Air pollution and dementia in older adults in the Ginkgo Evaluation of Memory Study

Erin O. Semmens, Cindy S. Leary, Annette L. Fitzpatrick, Sindana D. Ilango, Christina Park, Claire E. Adam, Steven T. DeKosky, Oscar Lopez, Anjum Hajat, Joel D. Kaufman

Research output: Contribution to journalArticlepeer-review

Abstract

Introduction: Growing evidence implicates air pollution as a risk factor for dementia, but prior work is limited by challenges in diagnostic accuracy and assessing exposures in the decades prior to disease development. We evaluated the impact of long-term fine particulate matter (PM2.5) exposures on incident dementia (all-cause, Alzheimer's disease [AD], and vascular dementia [VaD]) in older adults. Methods: A panel of neurologists adjudicated dementia cases based on extensive neuropsychological testing and magnetic resonance imaging. We applied validated fine-scale air pollutant models to reconstructed residential histories to assess exposures. Results: An interquartile range increase in 20-year PM2.5 was associated with a 20% higher risk of dementia (95% confidence interval [CI]: 5%, 37%) and an increased risk of mixed VaD/AD but not AD alone. Discussion: Our findings suggest that air pollutant exposures over decades contribute to dementia and that effects of current exposures may be experienced years into the future.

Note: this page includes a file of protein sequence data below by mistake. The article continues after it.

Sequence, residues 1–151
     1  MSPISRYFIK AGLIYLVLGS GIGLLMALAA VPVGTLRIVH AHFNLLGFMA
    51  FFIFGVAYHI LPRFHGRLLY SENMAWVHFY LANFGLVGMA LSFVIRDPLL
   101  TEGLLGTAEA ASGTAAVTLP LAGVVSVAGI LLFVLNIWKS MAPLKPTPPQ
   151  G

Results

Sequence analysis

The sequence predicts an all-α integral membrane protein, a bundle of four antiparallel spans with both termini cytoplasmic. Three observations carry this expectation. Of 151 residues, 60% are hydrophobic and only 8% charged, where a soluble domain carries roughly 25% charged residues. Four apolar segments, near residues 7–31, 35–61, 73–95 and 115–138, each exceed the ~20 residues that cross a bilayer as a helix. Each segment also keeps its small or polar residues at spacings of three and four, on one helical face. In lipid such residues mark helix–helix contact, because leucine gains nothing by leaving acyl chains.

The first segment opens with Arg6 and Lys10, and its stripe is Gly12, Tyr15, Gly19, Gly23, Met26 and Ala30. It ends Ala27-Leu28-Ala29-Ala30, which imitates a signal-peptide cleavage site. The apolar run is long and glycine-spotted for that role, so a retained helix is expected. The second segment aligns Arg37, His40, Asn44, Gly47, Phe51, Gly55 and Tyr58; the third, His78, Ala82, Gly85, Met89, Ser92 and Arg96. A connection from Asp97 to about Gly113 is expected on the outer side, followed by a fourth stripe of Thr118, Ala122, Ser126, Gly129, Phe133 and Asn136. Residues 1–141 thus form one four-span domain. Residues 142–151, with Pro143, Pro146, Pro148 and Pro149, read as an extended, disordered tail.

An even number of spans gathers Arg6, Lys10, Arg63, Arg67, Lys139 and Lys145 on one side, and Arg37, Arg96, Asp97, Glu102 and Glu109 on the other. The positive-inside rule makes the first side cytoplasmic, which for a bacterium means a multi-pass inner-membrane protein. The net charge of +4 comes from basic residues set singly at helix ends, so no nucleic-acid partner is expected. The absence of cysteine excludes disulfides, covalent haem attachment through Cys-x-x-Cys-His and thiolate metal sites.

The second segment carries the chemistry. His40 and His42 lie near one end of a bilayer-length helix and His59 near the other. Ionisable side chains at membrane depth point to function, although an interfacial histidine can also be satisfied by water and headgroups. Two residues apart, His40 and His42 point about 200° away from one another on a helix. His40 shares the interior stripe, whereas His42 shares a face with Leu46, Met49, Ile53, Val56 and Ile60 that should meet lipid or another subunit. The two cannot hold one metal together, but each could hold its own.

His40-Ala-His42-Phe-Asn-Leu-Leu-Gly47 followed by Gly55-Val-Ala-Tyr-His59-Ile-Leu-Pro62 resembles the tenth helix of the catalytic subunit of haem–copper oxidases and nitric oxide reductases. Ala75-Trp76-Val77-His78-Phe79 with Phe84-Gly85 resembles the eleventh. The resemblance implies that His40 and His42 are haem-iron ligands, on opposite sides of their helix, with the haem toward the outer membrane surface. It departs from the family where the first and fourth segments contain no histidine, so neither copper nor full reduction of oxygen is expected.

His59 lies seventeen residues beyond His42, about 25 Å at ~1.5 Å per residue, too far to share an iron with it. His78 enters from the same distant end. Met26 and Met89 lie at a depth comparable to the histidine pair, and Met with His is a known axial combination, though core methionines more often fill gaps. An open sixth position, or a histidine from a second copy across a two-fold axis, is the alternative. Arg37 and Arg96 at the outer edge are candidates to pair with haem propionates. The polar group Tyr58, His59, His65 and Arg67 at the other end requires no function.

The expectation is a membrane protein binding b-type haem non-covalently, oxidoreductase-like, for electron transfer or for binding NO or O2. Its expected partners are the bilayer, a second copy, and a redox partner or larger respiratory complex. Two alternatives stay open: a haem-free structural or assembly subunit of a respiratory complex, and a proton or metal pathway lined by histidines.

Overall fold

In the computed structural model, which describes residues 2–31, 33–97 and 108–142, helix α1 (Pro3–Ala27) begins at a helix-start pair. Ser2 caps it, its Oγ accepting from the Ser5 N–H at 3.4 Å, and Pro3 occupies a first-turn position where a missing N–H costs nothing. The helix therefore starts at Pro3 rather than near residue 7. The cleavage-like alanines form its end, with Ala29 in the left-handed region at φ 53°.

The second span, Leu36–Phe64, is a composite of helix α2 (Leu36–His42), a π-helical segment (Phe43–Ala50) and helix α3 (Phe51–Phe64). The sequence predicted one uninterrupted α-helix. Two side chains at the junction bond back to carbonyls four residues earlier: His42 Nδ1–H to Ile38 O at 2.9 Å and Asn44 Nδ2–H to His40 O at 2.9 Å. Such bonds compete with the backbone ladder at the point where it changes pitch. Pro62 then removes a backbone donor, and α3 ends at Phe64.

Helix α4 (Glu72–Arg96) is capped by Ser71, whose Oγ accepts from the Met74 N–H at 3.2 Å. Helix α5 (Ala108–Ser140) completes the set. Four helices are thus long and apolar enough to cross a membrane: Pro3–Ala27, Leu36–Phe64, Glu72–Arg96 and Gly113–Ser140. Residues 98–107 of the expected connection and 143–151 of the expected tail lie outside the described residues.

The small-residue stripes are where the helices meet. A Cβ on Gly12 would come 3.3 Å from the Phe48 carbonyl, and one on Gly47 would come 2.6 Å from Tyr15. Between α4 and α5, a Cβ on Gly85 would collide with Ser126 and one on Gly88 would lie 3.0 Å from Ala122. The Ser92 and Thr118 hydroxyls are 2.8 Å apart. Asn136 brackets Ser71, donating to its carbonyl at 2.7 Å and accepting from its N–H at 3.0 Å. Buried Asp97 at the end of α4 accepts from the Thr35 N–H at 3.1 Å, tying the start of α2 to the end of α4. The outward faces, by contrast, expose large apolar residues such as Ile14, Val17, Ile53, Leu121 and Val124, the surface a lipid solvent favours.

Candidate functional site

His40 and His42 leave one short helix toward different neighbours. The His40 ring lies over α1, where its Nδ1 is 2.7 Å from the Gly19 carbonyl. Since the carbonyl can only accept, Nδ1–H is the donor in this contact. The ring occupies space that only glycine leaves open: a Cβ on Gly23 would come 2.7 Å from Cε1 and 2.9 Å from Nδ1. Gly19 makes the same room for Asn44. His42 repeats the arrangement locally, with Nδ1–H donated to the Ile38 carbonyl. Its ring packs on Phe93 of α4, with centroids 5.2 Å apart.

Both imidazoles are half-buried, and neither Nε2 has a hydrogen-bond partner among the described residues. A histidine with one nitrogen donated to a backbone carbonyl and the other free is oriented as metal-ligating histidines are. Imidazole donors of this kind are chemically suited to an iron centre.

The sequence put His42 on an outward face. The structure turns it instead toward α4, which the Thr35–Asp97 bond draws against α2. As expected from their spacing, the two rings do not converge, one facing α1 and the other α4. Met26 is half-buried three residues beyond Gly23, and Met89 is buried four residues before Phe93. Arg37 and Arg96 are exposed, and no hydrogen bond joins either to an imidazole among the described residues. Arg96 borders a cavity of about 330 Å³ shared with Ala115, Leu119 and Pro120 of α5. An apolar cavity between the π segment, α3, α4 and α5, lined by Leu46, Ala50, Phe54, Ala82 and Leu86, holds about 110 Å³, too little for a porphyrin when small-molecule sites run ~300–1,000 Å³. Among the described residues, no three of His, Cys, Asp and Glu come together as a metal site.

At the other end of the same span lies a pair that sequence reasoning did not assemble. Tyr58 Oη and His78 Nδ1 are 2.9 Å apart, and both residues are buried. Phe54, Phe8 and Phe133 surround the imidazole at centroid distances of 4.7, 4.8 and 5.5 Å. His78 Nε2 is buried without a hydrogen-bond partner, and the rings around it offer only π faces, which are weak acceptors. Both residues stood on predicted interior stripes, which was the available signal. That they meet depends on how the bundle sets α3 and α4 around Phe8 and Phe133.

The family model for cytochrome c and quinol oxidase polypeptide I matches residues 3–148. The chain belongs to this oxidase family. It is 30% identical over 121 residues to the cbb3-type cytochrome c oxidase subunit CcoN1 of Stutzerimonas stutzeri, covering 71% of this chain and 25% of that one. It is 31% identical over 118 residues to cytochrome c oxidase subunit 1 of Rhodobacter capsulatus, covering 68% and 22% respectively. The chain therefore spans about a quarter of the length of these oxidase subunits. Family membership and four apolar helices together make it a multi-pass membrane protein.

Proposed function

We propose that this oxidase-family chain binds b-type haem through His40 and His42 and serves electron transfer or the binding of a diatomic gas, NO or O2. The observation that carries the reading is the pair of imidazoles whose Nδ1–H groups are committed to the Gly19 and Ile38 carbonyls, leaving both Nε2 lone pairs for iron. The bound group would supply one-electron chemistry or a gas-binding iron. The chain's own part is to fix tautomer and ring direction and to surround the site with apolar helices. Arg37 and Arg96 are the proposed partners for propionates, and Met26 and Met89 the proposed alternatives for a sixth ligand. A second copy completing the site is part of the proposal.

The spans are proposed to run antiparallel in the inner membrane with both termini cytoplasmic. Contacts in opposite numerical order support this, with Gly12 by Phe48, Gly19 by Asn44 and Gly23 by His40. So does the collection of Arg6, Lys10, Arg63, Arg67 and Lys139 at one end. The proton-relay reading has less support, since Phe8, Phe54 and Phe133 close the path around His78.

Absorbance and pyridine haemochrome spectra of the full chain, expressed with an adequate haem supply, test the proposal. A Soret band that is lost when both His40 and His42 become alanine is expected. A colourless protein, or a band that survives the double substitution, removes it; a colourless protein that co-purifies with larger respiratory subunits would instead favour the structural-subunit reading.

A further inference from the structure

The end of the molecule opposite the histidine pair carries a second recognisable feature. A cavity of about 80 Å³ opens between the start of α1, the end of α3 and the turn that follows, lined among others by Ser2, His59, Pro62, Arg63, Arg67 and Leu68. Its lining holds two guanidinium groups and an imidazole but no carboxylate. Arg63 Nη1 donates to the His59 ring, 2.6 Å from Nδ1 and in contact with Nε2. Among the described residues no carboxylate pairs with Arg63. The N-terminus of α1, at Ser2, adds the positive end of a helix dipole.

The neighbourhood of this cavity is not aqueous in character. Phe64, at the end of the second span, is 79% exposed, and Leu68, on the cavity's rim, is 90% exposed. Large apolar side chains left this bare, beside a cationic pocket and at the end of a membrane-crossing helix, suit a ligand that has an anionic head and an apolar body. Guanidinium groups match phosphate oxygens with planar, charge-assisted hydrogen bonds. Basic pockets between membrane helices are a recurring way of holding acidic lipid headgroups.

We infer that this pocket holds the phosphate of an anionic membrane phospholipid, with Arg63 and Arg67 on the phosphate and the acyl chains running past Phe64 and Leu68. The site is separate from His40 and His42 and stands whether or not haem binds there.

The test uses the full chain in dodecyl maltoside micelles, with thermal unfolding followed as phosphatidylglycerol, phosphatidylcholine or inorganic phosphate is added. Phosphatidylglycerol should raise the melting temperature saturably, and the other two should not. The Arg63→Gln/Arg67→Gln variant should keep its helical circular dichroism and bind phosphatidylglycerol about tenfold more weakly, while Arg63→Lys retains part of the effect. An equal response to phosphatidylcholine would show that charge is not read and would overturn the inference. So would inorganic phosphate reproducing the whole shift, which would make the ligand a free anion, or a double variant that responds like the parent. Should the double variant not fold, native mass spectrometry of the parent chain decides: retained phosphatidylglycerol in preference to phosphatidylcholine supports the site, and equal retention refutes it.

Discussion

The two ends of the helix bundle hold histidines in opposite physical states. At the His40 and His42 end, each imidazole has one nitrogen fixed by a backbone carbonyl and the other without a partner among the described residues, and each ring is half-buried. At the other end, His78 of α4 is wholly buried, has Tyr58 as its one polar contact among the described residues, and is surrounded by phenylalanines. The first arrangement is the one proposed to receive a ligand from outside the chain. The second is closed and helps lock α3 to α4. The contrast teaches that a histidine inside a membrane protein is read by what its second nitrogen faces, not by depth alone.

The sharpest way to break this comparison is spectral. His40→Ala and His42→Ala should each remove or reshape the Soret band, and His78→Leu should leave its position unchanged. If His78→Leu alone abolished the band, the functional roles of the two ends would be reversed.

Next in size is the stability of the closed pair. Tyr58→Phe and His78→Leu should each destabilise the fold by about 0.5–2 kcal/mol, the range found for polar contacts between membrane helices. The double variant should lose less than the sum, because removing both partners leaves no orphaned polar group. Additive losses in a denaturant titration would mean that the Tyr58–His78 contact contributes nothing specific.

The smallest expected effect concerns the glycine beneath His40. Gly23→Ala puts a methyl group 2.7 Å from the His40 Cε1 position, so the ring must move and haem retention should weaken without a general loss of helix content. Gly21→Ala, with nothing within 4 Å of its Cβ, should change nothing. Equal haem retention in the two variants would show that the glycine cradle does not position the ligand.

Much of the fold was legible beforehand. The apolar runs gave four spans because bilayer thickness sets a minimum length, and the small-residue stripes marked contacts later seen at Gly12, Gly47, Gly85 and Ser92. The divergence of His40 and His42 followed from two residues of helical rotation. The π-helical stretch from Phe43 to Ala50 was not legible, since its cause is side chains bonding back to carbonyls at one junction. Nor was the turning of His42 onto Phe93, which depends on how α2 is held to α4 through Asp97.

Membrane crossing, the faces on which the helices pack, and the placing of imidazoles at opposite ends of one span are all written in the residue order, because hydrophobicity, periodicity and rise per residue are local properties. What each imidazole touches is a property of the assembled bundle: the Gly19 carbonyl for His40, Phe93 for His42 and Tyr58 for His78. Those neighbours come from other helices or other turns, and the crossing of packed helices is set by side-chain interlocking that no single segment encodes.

Original languageEnglish
Pages (from-to)549-559
Number of pages11
JournalAlzheimer's and Dementia
Volume19
Issue number2
DOIs
StatePublished - Feb 2023

Keywords

  • Alzheimer's disease
  • air pollution
  • dementia
  • longitudinal cohort study
  • vascular dementia
  • Humans
  • Alzheimer Disease/epidemiology
  • Dementia, Vascular/epidemiology
  • Air Pollution/adverse effects
  • Ginkgo biloba
  • Air Pollutants/adverse effects
  • Particulate Matter/adverse effects
  • Aged

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